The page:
• ethicalpaulethicalpaul Member Posts: 1,035
    edited November 25
    hmm that's not great. Typically such an occurrence is related to a lot of water getting thrown up into the main, causing a low water cutoff with automatic refill. Then when the condensate returns, the boiler is overfilled. You can watch a heat cycle to see if this is occurring: Watch the water level, and watch your auto-feeder.

    Post pictures of your near-boiler piping (several photos, each far enough away that we can see floor to ceiling, from several angles) and people here can tell you if it's likely that water is getting thrown up into your mains.

    Watch my video on this thread to see what can happen: https://forum.heatinghelp.com/discussion/169320/see-wet-steam-in-the-wild
    1 pipe Utica 112 in Cedar Grove, NJ, 1913 coal > oil > NG
  • Jamie HallJamie Hall Member Posts: 11,405
    steaminvt said:

    Water hammer occurring in this line (that serves the 3 slow rads) near the boiler (pipe comes off boiler {wyed off the pipe that serves most of the other rads in middle/back of house} makes a 90 to travel 4' behind the boiler, 90's again to the left for 6-8' before it 90's to the right for the long 30ish' run) Hammer starts in the 2 nd & 3rd 90 elbow area.

    I'd be very much inclined to take a very close look at that bit of piping -- particularly the slope of the three nearer sections (Y to 90 4 feet to 90 6 to 8 feet to 90. It's very possible that one of those sections has drooped. It really takes remarkably little droop to mess things up.
    Br. Jamie, osb

    Building superintendent/caretaker, 7200 sq. ft. historic house museum with dependencies in New England.

    Hoffman Equipped System (all original except boiler), Weil-Mclain 580, 2.75 gph Carlin, Vapourstat 0.5 -- 6.0 ounces per square inch
  • JUGHNEJUGHNE Member Posts: 6,145
    Someone presented this a few years ago to check pipe slope on an insulated line:
    With a 2 to 4' level as desired, get 2 sharp roofing nails, both exactly 2" long, these have big heads.
    Tape thru the nails to fasten them to the bottom of each end of the level.
    Several wraps of tape for a secure fit.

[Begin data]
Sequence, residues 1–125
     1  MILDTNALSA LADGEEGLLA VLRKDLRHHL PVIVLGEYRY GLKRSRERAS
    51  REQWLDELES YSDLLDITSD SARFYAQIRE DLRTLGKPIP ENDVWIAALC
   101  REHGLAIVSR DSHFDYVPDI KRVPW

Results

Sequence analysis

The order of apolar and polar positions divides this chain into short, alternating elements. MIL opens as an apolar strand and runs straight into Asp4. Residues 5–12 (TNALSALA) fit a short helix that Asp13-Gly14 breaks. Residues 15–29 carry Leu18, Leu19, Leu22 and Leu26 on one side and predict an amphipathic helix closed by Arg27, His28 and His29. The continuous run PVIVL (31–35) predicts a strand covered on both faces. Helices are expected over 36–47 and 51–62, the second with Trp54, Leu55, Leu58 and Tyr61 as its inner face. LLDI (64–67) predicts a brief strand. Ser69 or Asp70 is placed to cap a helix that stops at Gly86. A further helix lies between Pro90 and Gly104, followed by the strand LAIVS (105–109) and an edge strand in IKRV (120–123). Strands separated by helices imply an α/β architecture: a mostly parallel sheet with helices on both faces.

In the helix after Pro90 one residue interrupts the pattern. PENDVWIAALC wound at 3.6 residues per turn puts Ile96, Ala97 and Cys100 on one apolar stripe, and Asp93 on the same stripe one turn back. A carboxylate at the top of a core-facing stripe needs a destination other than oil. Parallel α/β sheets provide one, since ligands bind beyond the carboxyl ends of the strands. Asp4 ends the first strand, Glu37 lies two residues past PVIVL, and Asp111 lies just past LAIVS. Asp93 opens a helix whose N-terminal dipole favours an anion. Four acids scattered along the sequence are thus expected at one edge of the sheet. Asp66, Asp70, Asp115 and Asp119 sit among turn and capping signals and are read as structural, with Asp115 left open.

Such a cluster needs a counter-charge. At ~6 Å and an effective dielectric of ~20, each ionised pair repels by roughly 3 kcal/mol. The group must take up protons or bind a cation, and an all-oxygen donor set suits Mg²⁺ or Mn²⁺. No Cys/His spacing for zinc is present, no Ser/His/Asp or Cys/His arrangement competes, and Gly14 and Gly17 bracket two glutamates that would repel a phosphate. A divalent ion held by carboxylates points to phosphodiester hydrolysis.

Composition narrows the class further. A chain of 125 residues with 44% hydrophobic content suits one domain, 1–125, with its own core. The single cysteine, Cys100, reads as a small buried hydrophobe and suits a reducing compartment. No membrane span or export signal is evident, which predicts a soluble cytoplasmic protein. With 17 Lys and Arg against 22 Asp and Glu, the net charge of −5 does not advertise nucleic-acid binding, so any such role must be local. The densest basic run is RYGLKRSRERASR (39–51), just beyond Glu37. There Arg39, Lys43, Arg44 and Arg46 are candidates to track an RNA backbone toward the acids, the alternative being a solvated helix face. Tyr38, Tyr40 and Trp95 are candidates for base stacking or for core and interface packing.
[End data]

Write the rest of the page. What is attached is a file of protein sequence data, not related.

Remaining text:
You can test the accuracy of your new nail point level by setting it on a level (nearly) bench. Then turn it end for end and you should get the same bubble reading, if so then your tool is correct. FWIW
  • steaminvtsteaminvt Member Posts: 18
    Here are some pics. Let me know if they are inadequate. Blue tape marks the problem line. One pic is of an old (and huge) hot air system (coal fired) just for kicks.
  • FredFred Member Posts: 8,098
    My goodness, is every radiator individually run off of that header? Steam is going to take the path of least resistance and from the looks of it, it has 6 or 8 options. All of those run-outs from the header are also pitched down, into the header, like a counter flow system but I don't see any drips from any of those pipes into a wet return.
  • steaminvtsteaminvt Member Posts: 18
    Um yeah.
    Tried the "remove Gorton #1 idea" with no different results.
    All other radiators were getting heat first, no steam to back of house.
    Water hammer started early in pipe section in pic. Pipe was shaking for first minute then calmed down to less voilent hammer. My dilema is I cant move the pipe downward on the left side or lift up the right side because it will alter (raise) the slope of the long run this 6' section serves.
    After 40 minutes the room (w/ t-stat) had raised 6 degrees and still no heat to problem rad BUT there was a lot a water sloshing noise in the pipe under the floor and quite a bit of water seeped out of the aforementioned stressed connection at this rad. Its like the water gets pushed up this run.